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Humans of Frome: Filipa de Figueiredo Lopes de Mendonça Vance.

Filipa de Figueiredo Lopes de Mendonça Vance photographed by Ciara Nolan

Filipa de Figueiredo Lopes de Mendonça Vance photographed by Ciara Nolan

“International Women’s Day was celebrated on March 8th, our newspapers and Facebook feeds filled with stories of women who have shaped the world,” says Ciara.

“My eight-year-old daughter looked at Marie Curie and said that’s what I want to be, a scientist! Recently she had attended science club at school which is run by this week’s Human of Frome. What followed was a weekend of science experiments in the kitchen and a healthy attitude to her place in the world.

“Filipa de Figueiredo Lopes de Mendonça Vance has a family history that could be the plot of a thriller movie. Imagine a world of revolutionary rebels, incarcerated communists, international spies and close brushes with death and disaster, and you’d be pretty close to the reality of this amazing woman. Filipa is a science fanatic and works at the Institute for Mathematical Innovation.

“Born in Portugal in the 1970s her mother joked that it took her just 16 months to take down the dictatorship. Her early years were shaped by a revolution that saw few shots being fired and carnations stuck into the muzzles of rifles; this of course was the dawning of a new day following four decades of dictatorship which her family had endured.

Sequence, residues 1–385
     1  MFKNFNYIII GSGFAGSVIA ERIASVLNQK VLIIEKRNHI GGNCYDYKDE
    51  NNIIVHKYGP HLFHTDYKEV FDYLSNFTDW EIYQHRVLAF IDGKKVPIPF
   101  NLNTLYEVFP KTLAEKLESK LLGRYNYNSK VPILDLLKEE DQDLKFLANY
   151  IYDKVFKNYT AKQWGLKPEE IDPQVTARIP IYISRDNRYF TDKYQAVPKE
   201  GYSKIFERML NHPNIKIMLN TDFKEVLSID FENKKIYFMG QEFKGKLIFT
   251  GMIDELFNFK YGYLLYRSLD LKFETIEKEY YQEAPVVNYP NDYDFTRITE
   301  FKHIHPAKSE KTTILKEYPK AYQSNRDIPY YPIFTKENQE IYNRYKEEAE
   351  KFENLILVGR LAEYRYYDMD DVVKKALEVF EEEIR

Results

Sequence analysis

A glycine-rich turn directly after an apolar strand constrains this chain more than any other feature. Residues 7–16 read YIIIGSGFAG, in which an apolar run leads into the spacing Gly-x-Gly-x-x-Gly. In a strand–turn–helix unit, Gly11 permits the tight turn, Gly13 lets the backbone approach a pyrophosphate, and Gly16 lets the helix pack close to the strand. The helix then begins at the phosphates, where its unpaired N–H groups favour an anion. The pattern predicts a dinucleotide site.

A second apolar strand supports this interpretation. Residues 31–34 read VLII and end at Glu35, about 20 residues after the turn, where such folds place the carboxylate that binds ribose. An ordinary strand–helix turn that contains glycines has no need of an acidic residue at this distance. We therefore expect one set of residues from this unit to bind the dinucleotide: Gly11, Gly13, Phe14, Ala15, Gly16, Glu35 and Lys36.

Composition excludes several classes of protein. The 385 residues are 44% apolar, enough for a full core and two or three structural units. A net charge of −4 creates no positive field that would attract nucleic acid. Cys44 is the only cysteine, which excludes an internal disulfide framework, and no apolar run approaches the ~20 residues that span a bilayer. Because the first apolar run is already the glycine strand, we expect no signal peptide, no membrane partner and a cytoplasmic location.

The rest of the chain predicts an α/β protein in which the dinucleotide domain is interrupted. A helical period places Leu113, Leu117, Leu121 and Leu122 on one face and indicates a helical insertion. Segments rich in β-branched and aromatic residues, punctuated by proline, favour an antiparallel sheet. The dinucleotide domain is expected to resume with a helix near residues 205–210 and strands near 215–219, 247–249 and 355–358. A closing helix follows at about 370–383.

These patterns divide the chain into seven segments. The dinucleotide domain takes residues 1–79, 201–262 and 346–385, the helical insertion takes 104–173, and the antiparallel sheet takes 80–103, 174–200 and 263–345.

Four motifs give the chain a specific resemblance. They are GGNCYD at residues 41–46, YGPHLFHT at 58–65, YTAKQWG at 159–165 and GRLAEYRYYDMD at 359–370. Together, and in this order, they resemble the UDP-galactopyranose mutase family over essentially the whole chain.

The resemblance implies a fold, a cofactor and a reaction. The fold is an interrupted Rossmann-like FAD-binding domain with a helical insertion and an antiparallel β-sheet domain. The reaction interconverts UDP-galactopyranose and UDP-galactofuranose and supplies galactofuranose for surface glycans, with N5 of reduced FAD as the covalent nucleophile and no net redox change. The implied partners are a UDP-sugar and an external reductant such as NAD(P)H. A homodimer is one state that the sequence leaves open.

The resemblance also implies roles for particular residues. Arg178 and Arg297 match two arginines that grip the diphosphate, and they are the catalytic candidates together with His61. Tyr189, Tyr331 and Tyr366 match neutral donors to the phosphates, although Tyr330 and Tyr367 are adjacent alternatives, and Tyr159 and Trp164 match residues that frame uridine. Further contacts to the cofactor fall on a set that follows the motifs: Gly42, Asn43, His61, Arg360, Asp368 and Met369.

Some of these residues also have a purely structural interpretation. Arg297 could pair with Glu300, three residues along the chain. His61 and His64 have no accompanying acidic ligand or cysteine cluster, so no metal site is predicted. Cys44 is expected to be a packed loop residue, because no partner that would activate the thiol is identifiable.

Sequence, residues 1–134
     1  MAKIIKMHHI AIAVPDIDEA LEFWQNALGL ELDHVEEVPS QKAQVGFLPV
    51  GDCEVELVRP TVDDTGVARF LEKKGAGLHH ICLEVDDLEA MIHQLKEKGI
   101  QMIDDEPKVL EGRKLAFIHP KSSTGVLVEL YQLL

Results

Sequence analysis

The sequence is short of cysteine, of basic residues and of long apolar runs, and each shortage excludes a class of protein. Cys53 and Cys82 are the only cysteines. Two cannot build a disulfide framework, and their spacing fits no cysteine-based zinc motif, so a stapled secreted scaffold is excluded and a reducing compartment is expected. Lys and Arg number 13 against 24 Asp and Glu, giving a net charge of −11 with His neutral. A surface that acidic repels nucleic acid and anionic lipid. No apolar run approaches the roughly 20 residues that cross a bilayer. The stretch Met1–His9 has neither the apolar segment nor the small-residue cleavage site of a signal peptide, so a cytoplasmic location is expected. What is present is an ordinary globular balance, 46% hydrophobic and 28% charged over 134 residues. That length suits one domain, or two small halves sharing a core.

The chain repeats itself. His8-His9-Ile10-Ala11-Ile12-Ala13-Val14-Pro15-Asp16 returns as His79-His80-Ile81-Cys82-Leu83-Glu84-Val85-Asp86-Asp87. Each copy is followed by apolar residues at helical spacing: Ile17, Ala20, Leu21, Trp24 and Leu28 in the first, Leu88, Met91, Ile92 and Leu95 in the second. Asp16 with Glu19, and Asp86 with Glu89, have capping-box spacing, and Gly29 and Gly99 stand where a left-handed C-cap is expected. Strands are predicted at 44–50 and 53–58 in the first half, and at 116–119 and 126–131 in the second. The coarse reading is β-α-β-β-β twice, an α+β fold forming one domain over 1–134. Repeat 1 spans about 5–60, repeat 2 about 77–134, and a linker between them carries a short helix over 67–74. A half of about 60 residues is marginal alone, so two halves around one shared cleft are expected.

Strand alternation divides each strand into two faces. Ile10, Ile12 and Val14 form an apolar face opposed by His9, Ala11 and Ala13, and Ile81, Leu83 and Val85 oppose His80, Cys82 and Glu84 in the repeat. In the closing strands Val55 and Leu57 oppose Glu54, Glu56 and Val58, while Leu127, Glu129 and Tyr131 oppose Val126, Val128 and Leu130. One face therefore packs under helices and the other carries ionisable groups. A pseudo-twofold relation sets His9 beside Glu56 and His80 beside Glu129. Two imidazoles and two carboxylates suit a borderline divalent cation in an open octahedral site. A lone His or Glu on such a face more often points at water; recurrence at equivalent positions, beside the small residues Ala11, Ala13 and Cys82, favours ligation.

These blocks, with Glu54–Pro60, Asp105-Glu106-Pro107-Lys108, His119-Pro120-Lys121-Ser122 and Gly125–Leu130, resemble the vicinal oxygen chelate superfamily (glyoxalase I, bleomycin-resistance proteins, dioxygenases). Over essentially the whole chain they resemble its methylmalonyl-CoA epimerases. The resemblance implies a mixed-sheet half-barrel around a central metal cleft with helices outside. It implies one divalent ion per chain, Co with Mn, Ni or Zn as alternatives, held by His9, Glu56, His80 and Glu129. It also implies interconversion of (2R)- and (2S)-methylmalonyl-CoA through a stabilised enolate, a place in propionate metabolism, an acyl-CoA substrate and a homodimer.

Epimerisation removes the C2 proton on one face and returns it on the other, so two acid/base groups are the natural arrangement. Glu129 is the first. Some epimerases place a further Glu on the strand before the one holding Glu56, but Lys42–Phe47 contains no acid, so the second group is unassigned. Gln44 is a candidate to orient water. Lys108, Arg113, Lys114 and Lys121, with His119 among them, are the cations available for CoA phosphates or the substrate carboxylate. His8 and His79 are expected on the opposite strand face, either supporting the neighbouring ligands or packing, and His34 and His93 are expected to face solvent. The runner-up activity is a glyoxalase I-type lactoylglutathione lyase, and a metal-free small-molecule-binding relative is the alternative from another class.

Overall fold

“There are many strong role models in Filipa’s life, her mother raised her young family alone and she was the first civilian woman to be in charge of military men. She also harboured a secret. She was an international spy, a fact only discovered in recent years.

“Her great-grandmother once rowed defiantly out to a quarantined ship to show her newborn son to his father, a soldier returned from war on a ship plagued with pneumonia. He survived against the odds, something that happily runs through the family history.

“When Filipa was nine she was sent to a military boarding school, where her name was changed to the number 233, daughter of 225. She remained in this place which dampened her imagination and fuelled her sense of right and wrong. A blind theatre and drama teacher however made her realise her worth.

“At the age of 15, a newly liberated Filipa was diagnosed with cancer. Following many surgical interventions to remove the tumours on her leg she lived with the very real threat of losing a limb. Her determined mother fought tooth and nail to take her to London where she had a knee replacement. What followed was a period of ‘life is too short’ adventure where Filipa took up running, hang gliding and other dangerous sports.

“Within three years the cancer was back and she was once again faced with very difficult times.

“Despite everything, she went to Glasgow University where she studied a degree in microbiology and the rest, as they say, is history, a phrase which can be quite throwaway, however, history is what makes us who we are, all those experiences and people who we’ve met along the way.

“In Filipa’s case this history is rich with strong role models, women who have influenced her to be the incredibly inspiring woman she is today and I’m delighted to say that this is a legacy she is passing on. My eight year old…wannabe scientist is living proof of that!”